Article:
Every evening, on a quiet little corner of a quaint development in Harbison, John Cordan and his lovely wife, Mary, hold court with a dozen or more of their neighbors just as they have done for nearly 10 years.
“We gather here and talk and talk,” said John. “We have the best neighbors around.”
Married 71 years, the Cordan’s sit side by side in the garage on lawn chairs as neighbors spill out into the driveway sometimes bringing friends or children with them. The members of his court affectionately call John ‘the mayor’ and all share in the camaraderie of the moment.
“We’re the best corner in Carmel Commons,” said Mary. “We keep it light and don’t talk politics or religion.”
John Cordan turned 95 this past week and if you didn’t know better you’d think he was in his early 70s. Sporting his US Navy cap, the spry and fit veteran spent time overseas during WWII.
John served as a radio operator on a tanker during WWII at the tender age of 17 having joined the service just before the end of the war. The USS Monongahela was assigned to the Pacific Fleet and operated continuously with fast carriers participating in every major central Pacific operation shuffling aviation fuel gasoline, fuel oil, diesel oil and ammunition to the flattops or aircraft carriers during the liberation of the Philippines.
“I remember we fueled quite a few hospital ships,” said Cordan. “We ran out of Manilla, Okinawa and the Subic Bay.”
After the war, John traveled as a professional musician playing the trumpet and trombone until he met Mary. John and Mary began their relationship after meeting at a large Italian wedding in Beaver Falls, PA. Mary had attended the event with two of her girlfriends and when the wedding was over they needed a ride home. John offered to take them all home but Mary insisted that he take her girlfriends home first and then come back for her.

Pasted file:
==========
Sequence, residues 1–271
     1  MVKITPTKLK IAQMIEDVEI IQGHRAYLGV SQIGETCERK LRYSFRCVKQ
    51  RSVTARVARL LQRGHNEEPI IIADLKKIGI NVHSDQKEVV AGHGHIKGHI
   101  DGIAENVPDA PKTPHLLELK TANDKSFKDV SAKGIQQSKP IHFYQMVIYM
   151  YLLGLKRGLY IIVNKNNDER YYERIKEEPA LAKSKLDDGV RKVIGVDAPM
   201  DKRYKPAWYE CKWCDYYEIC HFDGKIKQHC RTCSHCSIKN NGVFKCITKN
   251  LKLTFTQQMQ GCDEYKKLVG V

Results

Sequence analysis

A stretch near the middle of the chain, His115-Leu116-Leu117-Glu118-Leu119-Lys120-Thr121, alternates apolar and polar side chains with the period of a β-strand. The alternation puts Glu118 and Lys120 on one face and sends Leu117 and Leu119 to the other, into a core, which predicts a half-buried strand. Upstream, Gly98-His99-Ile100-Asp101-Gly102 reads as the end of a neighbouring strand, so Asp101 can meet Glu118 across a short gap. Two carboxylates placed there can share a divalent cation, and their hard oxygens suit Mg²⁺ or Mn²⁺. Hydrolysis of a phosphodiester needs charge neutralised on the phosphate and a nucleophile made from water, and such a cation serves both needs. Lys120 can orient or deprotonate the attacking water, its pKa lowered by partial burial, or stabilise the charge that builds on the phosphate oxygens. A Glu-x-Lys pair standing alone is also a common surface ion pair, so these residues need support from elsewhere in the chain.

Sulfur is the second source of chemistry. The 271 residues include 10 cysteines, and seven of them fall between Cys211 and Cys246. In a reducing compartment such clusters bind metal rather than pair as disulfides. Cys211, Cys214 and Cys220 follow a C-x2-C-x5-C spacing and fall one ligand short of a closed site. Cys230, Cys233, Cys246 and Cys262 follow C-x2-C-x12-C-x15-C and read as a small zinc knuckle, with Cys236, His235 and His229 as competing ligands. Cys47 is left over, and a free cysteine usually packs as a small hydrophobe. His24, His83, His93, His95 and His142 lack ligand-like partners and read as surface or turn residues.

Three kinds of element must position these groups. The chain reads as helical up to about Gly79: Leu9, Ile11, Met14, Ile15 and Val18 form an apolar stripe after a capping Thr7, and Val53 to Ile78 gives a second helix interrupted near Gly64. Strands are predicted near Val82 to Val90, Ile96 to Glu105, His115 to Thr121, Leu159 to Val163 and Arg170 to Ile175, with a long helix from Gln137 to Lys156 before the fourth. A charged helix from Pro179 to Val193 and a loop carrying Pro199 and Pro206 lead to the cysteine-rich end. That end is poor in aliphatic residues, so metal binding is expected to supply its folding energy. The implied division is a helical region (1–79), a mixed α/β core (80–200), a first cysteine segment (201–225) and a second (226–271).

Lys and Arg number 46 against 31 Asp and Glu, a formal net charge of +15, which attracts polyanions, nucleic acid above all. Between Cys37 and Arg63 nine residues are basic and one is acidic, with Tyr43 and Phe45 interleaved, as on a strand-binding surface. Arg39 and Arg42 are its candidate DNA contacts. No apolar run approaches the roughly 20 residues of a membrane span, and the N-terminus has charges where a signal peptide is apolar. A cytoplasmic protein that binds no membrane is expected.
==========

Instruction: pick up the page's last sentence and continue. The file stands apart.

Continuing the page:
“Momma didn’t raise no dummy,” said Mary. “John had a car.”
Soon they were married and honeymooned in Cuba stopping in Mt. Pleasant, SC so Mary could visit some family.
“After putting up with years of snow and cold and slush we decided to stay,” John reflected. “We spent 41 years in Mt. Pleasant and then here for the last 30 years.”
John went to work for Sears and Roebuck and after 34 years retired in 1985. They migrated to Irmo to be closer to their sons who had attended the University of South Carolina and their three grandchildren. John did some volunteer work for the Make-A-Wish Foundation and traveled around the state fulfilling wishes from children with a terminal disease.
“One child wanted to visit Hawaii and we made that happen,” said John. “Another wanted to visit the Pope.” John also volunteered at Sharing God’s Love in Irmo. John still loves woodworking and staying active.
John’s ‘court’ threw a special birthday party for him on Friday, June 3. It wasn’t a surprise because John knew what was on the menu. “We’re having filet mignon,” said John.
Back row l-r: Conette Fidler, Lou Pinckney, Linda Burns, Jerry Burns, Ann Windhorn, Dee Thomas Front row l-r: Mary Cordan, John Cordan and Mckenzie Thomas w/Gizmo.